I've been in Seattle for nearly 3 weeks. On Saturday, I'll pack my bicycle in a box and fly the furthest north I've ever been--to Alaska.
After I left Dexter, I took a 4 hour train north to it's big sister city: Portland. From San Francisco to Eugene, Portland to Seattle, and--soon--Vancouver, there's pretty much one dominating theme: homelessness & gentrification.
In Portland there's a joke that you don't meet anyone actually from Portland anymore. And it's true. I met folks born in Portland only in Eugene & Seattle, and they had a wealth of knowledge to share.
From the half-dozen cranes stacking gross luxury apartment complexes in Portland's Pearl District to a new-age/city-integrated sprawl of Amazon's office towers that blight Capitol Hill in Seattle, big tech companies have drastically changed these cities. And if you pack a bowl at the ever-growing tent cities that form in clusters under nearly every bridge in these Pacific Northwest cities, you'll learn how these "developments" aren't helping its people.
I never saw someone sitting in a public space tied-off, needle-in-arm, searching for their vein on the metro in Santiago (as I did in San Franciso's Civic Center BART station).
I just spent 2 weeks living in an intentional community in the forest ~20 miles outside Eugene, OR. This is my first time in Oregon. My-oh-my, is it beautiful! Just a bit cold & wet for my tastes (welcome to the Pacific Northwest!). I give massive cred to the crusties living on the streets here. How do they ever dry their clothes?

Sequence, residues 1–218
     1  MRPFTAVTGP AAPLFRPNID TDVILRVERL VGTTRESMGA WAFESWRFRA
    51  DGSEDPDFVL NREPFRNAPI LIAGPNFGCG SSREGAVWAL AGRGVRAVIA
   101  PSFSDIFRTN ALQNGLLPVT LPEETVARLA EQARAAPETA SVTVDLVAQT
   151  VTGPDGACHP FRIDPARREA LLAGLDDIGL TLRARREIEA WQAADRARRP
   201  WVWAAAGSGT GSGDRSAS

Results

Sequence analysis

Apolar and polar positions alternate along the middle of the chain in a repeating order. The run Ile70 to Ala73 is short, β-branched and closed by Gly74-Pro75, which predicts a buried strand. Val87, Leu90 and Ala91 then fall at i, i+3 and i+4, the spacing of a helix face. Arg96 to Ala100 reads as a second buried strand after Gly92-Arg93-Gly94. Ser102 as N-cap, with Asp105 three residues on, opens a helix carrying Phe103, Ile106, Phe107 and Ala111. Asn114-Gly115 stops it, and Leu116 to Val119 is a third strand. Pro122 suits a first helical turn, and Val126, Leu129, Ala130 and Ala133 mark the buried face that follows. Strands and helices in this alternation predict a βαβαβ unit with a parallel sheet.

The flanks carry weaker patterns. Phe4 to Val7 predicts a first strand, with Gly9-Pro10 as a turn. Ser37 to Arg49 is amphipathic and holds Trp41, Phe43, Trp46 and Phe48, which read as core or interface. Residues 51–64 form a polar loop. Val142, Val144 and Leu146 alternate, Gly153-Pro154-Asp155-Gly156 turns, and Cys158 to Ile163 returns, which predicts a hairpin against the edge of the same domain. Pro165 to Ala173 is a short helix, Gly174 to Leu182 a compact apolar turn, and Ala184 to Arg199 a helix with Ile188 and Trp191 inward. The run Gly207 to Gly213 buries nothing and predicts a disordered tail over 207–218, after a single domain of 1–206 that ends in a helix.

I spent a wonderful week with a new friend in Sacramento. I was surprised how much I enjoyed Sacramento. The weather was great, the dumpsters were full of gifts (two unopened 4-packs of Pilsner Urquell?!?), and the streets were easy to navigate by bicycle. Coworking offices were pretty ridiculous ($192/day are you mad?!?), but fortunately I was able to work from home.
I was just finishing dinner, planning to see a friend play a folk punk show in Sac when my friend in Eugene asked what time I'd arrive tomorrow. Looks like my calendar was off-by-one day; my train leaves in a few hours. Whoops! I made a call to a friend, packed my stuff, rode-off to amtrak, and quickly boxed my bicycle. When I awoke on the train the next morning, I was crossing a gorgeous lake via causeway with snow-capped mountains in the distance. Everything was green, and--as we climbed in elevation through the cascades--there was snow on the ground.
My 46-hour train ride from New Orleans (through Texas, New Mexico, Arizona, & California) finally arrives at Union Station LAX at 06:00.
I paid my respects to Mahatma Gandhi whoose ashes...are located in a sarcophagus in Santa Monica.
After spending an hour wandering through the massive station, I finally find my bicycle behind an Amtrak employees-only locked door. I present my luggage claim ticket, slide my bicycle out of the box, reassemble it, and load my panniers on. By 07:00, the February sun is high & warm in LA, and I'm happily rolling through the streets. I don't bother to check a map. I'm headed to Santa Monica; a compass indicating "west" is all I need.
After passing through chinatown, I wheel into the first grocery store I find for breakfast, which turns out to be in Echo Park. This is home to PETA's headquarters, where one of my college friends lives & works. We meet for tea, catch up, hit up a couple thrift stores, and I head back down hill.